Author: Teresa

Toronto’s Greenbelt is under threat

Toronto’s Greenbelt is under threat

They recently bought Greenbelt land that was undevelopable. Now the Ford government is poised to remove protections — and these developers stand to profit handsomely.

By the time they have finished building, the developers will have gained a full 20 acres, three of which will be zoned R3, for single family houses. At their prices, they’ll be able to build homes for $100,000.

The Ford government has been slow to address the “suburbanization” of Toronto, with the city’s housing stock increasingly becoming a place where multi-million dollar homes are built and residents never see a house within five kilometres of them.

With the new rules changing, it is possible that at least two of the Greenbelt lands that the developers have purchased will become R3 zones.

In effect, if they build it, the Ford government is saying that those sites are already built. It’s not a decision that the government can reverse by fiat.

The government was responding to comments from Greenbelt residents, who told the government that the site did not have the density and infrastructure provided by a traditional greenbelt site, where it’s possible to build homes.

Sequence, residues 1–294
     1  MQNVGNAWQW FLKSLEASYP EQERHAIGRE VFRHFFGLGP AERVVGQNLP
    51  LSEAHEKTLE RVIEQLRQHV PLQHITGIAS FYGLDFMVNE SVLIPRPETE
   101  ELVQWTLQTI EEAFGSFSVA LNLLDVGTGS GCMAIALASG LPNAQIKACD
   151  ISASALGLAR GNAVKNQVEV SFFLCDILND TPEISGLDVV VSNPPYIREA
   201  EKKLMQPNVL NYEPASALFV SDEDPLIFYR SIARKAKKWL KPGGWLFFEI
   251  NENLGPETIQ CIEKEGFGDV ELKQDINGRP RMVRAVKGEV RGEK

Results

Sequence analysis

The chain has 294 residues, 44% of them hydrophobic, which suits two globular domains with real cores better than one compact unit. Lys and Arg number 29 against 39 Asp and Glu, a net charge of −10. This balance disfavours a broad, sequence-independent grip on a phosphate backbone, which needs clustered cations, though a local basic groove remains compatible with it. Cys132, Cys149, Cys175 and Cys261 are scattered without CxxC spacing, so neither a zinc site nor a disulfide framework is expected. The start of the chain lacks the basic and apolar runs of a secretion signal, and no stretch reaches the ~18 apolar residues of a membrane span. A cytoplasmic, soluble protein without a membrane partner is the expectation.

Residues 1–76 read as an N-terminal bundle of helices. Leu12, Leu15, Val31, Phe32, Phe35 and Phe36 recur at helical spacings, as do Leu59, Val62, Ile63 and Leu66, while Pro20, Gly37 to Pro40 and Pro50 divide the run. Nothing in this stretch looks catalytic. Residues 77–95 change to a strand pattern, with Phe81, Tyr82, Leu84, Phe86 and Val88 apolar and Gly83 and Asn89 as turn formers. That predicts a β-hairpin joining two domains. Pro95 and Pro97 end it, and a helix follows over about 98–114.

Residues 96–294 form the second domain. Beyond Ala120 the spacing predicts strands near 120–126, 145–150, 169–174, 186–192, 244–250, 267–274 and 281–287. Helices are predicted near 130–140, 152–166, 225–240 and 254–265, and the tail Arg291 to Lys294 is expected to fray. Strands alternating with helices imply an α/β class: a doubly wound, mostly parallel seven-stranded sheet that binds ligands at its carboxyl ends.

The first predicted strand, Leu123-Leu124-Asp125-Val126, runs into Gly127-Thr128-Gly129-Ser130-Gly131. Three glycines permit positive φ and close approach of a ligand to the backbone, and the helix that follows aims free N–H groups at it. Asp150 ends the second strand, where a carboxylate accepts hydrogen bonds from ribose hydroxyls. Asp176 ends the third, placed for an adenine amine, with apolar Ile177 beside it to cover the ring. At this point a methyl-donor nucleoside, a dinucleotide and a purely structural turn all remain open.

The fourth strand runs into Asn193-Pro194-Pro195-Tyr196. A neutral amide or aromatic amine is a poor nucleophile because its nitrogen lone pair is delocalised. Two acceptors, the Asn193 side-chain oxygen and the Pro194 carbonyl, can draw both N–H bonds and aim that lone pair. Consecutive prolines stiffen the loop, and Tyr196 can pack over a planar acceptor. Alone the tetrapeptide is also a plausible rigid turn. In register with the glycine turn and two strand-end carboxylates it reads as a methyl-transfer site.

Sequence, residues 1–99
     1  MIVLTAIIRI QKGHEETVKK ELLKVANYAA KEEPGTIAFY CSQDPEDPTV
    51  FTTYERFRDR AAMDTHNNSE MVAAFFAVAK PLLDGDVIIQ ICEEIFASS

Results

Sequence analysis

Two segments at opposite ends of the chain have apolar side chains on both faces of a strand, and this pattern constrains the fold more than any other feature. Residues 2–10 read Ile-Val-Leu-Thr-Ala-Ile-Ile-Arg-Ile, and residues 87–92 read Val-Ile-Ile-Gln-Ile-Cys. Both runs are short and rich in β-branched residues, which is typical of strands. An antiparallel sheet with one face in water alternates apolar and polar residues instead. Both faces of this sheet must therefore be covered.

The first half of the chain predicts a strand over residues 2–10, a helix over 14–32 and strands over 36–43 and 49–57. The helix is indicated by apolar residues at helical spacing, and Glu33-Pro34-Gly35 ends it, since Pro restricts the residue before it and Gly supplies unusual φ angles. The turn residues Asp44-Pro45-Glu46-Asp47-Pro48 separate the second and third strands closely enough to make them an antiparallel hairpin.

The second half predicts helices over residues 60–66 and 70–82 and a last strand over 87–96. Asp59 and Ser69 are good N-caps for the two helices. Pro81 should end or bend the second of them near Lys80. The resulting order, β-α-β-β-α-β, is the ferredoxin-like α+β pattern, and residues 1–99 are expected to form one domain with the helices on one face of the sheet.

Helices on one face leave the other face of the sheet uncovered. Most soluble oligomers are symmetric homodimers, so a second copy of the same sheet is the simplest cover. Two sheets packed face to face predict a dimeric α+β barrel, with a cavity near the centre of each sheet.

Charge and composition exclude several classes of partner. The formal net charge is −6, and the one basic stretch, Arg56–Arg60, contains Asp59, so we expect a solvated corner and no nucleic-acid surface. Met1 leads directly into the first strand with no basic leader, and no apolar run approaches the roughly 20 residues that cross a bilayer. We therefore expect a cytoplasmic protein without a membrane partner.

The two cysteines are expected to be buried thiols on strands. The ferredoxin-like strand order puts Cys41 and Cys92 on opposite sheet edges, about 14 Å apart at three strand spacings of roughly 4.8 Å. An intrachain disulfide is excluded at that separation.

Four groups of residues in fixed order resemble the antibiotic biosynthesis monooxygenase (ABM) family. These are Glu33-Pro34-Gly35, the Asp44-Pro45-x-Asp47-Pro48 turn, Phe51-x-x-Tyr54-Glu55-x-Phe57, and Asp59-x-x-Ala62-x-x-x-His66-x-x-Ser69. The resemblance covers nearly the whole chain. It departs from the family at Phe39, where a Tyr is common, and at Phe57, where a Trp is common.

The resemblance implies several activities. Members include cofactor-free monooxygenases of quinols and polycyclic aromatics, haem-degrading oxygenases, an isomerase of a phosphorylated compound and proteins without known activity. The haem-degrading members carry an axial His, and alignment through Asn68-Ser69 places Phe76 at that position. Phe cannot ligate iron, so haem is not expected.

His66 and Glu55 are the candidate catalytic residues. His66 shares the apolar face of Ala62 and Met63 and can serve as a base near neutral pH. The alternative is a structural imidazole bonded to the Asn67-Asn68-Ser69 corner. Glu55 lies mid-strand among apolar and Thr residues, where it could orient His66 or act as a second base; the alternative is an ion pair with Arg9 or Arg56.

The city is proposing changes to the Greenbelt that will reduce the area in front of residences by 20% — and change the land use designation from R3 to R2 (or even R1), to make it more accessible and more affordable.

But the Greenbelt itself, which was built over a century ago is under threat. That’s because under the government’s new requirements these lands, or parts of them, would be more developed than ever before.

The Ford government was told that at least two of the three Greenbelt lands the city sold are likely to be designated as R3 by the end of this year.

The city’s process for designating greenbelt lands was so flawed that the city asked Greenbelt Residents Group to review and comment on its proposed new zoning plan.

In late September, the city’s planning board passed the new plan, which recommended R2, R3 and R4 zoning

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